Brenda next contends that the Act requires that a hearing be held and the mother and the tribe given notice via registered mail, return receipt requested, whenever there is a change in foster placement. She bases her position on section 1916(b), which provides: “Whenever an Indian child is removed from a foster care home or institution for the purpose of further foster care, preadoptive, or adoptive placement, such placement shall be in accordance with the provisions of this chapter․” The “provision[ ] of this chapter” which she claims requires notice and a hearing on each change in placement is the notification provision of section 1912(a). She claims neither she nor the Tribe received such notice before any of the interim moves in September 1991, July 1992, and December 1992.
We reject this interpretation of sections 1916(b) and 1912(a). As discussed above, the purpose of the notice provision of section 1912(a) is to “ensure[ ] the tribe will be afforded the opportunity to assert its rights under the Act․ [or to] intervene in the state court proceedings.” (In re Kahlen W., supra, 233 Cal.App.3d at p. 1421, 285 Cal.Rptr. 507.) Once the Tribe (or the mother) is a party, there is no necessity to repeat that formal notice. If a statute requires notice of subsequent proceedings to be given, it may be given to the party or his or her attorney. (Code Civ.Proc., § 1010.)
As applied in this case, the mother was a party from the inception of the case. She was represented by counsel. A survey of the minute orders in the clerk's transcript show that she, her counsel, or both were present at the hearings in the case. Pursuant to statute, “[e]very hearing conducted by the juvenile court reviewing the status of a dependent child shall be placed on the appearance calendar. The court shall advise all persons present at the hearing of the date of the future hearing, of their right to be present and represented by counsel.” (§ 366.2, subd. (a).) Brenda does not now complain that she was not so advised.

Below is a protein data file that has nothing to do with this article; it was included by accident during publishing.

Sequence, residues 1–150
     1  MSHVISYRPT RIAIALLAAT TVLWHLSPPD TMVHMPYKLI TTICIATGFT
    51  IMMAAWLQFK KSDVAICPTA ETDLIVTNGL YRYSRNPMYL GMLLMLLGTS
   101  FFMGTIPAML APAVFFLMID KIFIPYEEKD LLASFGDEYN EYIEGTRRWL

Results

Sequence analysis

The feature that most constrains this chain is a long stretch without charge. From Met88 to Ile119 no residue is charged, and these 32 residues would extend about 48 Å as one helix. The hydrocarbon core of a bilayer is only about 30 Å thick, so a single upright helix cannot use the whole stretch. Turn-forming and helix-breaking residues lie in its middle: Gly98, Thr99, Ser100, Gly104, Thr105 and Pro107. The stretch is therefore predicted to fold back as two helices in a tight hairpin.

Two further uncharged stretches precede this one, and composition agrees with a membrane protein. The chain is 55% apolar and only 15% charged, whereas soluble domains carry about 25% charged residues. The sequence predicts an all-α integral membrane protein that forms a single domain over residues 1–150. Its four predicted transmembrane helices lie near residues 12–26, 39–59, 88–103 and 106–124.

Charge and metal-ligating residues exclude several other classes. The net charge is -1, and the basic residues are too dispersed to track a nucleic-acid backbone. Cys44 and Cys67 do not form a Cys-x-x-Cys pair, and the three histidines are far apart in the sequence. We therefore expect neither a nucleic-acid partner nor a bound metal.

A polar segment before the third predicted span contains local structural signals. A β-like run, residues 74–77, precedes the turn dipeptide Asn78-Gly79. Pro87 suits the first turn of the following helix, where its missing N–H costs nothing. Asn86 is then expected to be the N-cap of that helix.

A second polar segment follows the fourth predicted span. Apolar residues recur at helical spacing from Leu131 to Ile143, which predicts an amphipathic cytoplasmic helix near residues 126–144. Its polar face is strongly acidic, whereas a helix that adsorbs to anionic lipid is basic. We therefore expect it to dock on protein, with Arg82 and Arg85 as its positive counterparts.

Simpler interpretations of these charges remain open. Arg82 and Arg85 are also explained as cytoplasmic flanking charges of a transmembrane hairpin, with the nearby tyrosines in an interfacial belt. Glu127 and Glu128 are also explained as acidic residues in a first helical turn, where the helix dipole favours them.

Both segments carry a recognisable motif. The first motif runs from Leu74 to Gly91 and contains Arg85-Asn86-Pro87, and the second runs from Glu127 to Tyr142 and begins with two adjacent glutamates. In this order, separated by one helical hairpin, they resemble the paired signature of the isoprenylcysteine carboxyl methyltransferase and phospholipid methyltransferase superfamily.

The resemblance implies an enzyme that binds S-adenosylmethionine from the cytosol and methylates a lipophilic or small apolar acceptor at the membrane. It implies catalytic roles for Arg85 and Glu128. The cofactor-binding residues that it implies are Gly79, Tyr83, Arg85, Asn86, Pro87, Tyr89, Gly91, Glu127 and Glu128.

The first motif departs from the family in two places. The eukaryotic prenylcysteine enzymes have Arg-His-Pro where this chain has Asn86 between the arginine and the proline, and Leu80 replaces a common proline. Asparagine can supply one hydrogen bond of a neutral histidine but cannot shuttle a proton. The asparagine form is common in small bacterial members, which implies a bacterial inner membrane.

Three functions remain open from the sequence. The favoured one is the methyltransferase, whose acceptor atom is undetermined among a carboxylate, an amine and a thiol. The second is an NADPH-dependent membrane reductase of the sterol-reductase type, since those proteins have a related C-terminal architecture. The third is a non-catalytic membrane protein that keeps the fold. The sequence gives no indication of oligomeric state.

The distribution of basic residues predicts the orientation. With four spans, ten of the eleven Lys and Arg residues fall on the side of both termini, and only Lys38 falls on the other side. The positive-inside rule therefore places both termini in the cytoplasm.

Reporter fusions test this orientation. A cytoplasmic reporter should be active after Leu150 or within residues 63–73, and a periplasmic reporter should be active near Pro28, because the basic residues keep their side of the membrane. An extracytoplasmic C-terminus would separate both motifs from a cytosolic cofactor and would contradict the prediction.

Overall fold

The Tribe was not a party from the beginning of the case. The possibility that an Indian tribe should be notified did not arise until May 1991. From that time until January 1993, Gammino embarked on a lengthy and frustrating endeavor to determine whether Krystle had tribal membership and, if so, in which tribe. Several native area associations had actual knowledge of the ongoing proceedings even though they did not have statutory notice. They informally declined to intervene until reunification proceedings were terminated. In the meantime, a four-year-old child had become a six-year-old child by 1993, and her psychological condition was seriously deteriorating. As vigorously as the Tribe subsequently asserted its rights in court, no policy in the Act countenances inexplicable and unjustified delays in tribal responses at the expense of serious trauma to a small child whose future life is at the core of the issue.
Brenda further complains that the Tribe did not receive notice of changes in Krystle's interim placements. Brenda seems to be asserting that Gammino should not have moved Krystle from one foster home to another as circumstances changed without input from Brenda and the Tribe. Neither the Act nor the Welfare and Institutions Code give the parent or Tribe the authority to select the foster home of a dependent of the juvenile court. No right of Brenda or Tribe was violated by Gammino's management of Krystle's interim placements.